If you take a close look at Colorado State University President Tony Frank's July 23 decision to suspend the school's use of fetal tissue from vendors "implicated in the Planned Parenthood investigation," you're left wondering what kind of strange and half-assed process the University implemented in making its new policy.
There's of course the overarching fact that journalists are saying Planned Parenthood has broken exactly zero laws, and you can be pretty sure that, if laws had been broken, the undercover anti-choice video tapers would have provided the evidence by now.
But beyond that, the description of the process by which CSU arrived at its decision, as described in Frank's letter to Rep. Doug Lamborn (R-CO Springs), raises serious doubts about whether the process was fair. (Lamborn, who crusades against Planned Parenthood and opposes all abortion, even for rape, had complained to Frank about CSU's fetal-tissue policies.)
Frank: Since receiving your letter, I have reviewed the video that was released by the Center for Medical Progress; sought clarification on the points of law you've raised; and discussed the issue further with Colorado state Senator Kevin Lundberg, who provided additional insight. We also convened our Bioethics Advisory Committee to assess the known facts and make a recommendation directly to me regarding University practices going forward.
Frank "reviewed" the heavily edited video? He talked to Lundberg? Lundberg desrves to be heard, but he happens to be one of the least objective sources you could find in the entire state of Colorado, when it comes to anything related to abortion or birth control.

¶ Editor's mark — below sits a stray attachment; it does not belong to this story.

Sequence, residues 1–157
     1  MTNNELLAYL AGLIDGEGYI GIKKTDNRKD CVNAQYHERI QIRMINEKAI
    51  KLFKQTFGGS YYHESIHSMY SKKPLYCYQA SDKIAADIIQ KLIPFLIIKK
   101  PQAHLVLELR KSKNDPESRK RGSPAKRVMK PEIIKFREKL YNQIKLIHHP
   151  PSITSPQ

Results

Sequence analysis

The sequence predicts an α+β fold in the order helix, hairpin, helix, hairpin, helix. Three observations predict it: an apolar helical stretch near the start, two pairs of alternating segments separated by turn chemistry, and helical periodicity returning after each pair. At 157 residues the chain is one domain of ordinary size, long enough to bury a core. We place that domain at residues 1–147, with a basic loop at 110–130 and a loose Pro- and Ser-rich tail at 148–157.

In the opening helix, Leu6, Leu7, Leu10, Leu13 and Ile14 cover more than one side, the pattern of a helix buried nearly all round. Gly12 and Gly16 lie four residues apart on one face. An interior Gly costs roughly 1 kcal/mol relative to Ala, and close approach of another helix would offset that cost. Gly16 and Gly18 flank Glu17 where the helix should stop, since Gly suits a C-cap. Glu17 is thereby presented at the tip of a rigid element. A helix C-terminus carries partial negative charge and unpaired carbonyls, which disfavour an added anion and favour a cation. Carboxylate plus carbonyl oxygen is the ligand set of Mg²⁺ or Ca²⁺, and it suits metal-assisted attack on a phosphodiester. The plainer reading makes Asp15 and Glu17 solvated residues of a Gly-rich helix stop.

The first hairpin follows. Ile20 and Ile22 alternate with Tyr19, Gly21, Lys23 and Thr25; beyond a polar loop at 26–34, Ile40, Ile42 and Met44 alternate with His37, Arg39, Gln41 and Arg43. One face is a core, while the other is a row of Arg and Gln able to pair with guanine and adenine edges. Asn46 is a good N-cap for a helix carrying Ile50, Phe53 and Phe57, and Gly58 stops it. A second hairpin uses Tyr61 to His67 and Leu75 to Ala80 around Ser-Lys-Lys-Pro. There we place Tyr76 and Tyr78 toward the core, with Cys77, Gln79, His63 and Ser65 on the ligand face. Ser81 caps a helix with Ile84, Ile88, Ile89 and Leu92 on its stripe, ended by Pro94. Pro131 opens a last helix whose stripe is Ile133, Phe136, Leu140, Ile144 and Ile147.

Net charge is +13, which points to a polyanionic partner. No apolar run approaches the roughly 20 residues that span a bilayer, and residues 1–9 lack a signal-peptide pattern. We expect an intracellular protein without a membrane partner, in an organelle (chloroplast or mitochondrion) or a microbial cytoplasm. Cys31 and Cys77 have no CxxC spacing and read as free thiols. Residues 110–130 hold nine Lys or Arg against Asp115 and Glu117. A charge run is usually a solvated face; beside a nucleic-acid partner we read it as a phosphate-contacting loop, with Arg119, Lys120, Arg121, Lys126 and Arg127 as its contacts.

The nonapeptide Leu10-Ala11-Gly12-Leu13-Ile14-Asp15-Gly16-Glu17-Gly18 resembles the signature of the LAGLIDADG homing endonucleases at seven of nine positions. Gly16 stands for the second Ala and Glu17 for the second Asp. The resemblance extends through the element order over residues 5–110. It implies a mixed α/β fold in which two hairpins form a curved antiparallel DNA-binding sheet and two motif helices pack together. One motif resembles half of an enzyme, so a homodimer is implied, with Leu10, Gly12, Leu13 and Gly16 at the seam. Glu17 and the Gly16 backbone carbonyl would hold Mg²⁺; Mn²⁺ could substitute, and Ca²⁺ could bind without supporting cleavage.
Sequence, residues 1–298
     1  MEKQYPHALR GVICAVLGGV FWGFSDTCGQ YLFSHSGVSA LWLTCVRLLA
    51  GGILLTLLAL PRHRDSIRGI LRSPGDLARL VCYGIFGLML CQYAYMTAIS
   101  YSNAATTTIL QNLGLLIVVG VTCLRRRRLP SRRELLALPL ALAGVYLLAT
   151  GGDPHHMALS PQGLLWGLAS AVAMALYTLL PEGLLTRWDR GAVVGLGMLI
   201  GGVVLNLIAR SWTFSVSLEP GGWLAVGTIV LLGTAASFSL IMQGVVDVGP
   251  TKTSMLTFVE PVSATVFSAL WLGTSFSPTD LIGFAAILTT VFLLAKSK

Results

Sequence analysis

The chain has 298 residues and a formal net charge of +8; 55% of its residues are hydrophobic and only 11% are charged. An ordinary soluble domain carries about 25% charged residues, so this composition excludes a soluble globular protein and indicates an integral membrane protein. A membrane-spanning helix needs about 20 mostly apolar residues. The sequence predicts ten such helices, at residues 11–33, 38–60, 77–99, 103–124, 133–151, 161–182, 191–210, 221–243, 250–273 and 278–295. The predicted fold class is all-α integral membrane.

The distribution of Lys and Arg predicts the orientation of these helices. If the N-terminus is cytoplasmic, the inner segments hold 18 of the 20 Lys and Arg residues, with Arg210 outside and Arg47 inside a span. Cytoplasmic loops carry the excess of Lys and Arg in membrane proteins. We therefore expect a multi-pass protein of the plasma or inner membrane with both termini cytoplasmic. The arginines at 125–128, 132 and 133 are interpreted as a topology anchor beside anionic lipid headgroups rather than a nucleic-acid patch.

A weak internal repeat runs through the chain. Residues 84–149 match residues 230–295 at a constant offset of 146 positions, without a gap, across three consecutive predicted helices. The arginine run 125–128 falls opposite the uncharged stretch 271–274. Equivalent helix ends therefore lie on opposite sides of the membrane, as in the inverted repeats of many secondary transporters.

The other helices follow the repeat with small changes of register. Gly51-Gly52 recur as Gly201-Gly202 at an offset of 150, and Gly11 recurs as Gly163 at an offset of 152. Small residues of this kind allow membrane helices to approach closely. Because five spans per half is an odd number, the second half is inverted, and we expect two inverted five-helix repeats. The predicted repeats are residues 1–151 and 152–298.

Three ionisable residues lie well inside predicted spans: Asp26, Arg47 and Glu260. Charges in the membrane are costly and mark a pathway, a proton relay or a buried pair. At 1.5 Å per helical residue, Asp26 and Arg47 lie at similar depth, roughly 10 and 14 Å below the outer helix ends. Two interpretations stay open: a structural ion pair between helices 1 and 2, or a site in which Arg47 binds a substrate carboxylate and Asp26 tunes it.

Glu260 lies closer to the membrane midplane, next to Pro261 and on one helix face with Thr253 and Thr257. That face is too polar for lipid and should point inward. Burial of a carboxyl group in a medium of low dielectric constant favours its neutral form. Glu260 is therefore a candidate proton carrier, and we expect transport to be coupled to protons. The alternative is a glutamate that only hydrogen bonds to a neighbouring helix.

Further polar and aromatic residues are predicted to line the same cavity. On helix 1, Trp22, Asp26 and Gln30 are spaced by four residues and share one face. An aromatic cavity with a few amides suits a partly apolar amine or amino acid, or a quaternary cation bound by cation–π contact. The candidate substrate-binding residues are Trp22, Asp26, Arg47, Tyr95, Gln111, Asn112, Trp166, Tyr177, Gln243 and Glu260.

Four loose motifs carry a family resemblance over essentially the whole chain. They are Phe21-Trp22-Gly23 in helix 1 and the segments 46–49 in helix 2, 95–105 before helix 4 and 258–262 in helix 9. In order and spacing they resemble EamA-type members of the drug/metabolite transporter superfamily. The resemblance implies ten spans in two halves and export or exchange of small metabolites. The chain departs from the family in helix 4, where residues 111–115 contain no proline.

For example, Lundberg opposes the use of Intrauterine Devices (IUDs).
Frank makes no mention that he talked to any entity that might have given him Planned Parenthood's perspective -- and he writes as if he may not have even reviewed the unedited version of the Center for Medical Progress' video.
CSU's public-relations office isn't taking questions from me, though it provided copies of the documents linked in this blog post.
So we have no clue about the input received from the Bioethics Advisory Committee, which made recommendations to Frank and which consists of seven scientists, who might be five-star research geeks but appear to have no clue about the politics and mechanics of this kind of political drama.
Why do I think they have no clue? Take a look at their key recommendation, as stated in the Committee's July 22 letter to Frank:
The committee recommends that CSU suspend acquisition of fetal tissue from StemExpress or any other vendor in question with Planned Parenthood until the congressional investigations are concluded and there is affirmation that all vendors used by CSU under NIH support are in compliance with federal law regarding the acquisition and use of fetal tissue.
I'm sorry, but this is a ridiculous recommendation, and it was adopted happily by Frank. First, using congressional investigations as a litmus test for innocence is completely absurd, because we all know they are often initiated and terminated for reasons that have everything to do with politics and nothing to do with the rule of law.
And are congressional investigations "concluded" in any rational manner or time frame? Nope.
And whose affirmation is the bioethics committee going to rely on to clear the vendors of wrongdoing? The vendors used by NIH are already affirmed by NIH to be in compliance.
I'm not saying CSU's Bioethics Advisory Committee is opposed to fetal-tissue research. In fact, you can see from their letter to Frank that they're strong supporters, and they want it to continue. But the politics is beneath them, and their judicial process -- along with Frank's--appears to be rotten.